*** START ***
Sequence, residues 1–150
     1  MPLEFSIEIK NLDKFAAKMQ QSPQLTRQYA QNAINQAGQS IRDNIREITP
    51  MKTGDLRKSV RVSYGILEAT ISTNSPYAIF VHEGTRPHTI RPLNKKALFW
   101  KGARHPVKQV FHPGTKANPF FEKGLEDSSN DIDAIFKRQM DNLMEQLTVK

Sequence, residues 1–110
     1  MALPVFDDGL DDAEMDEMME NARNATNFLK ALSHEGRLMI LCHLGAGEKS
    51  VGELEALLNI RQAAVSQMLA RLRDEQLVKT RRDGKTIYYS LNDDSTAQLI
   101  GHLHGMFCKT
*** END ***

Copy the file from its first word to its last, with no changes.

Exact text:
Sequence, residues 1–150
     1  MPLEFSIEIK NLDKFAAKMQ QSPQLTRQYA QNAINQAGQS IRDNIREITP
    51  MKTGDLRKSV RVSYGILEAT ISTNSPYAIF VHEGTRPHTI RPLNKKALFW
   101  KGARHPVKQV FHPGTKANPF FEKGLEDSSN DIDAIFKRQM DNLMEQLTVK

Sequence, residues 1–110
     1  MALPVFDDGL DDAEMDEMME NARNATNFLK ALSHEGRLMI LCHLGAGEKS
    51  VGELEALLNI RQAAVSQMLA RLRDEQLVKT RRDGKTIYYS LNDDSTAQLI
   101  GHLHGMFCKT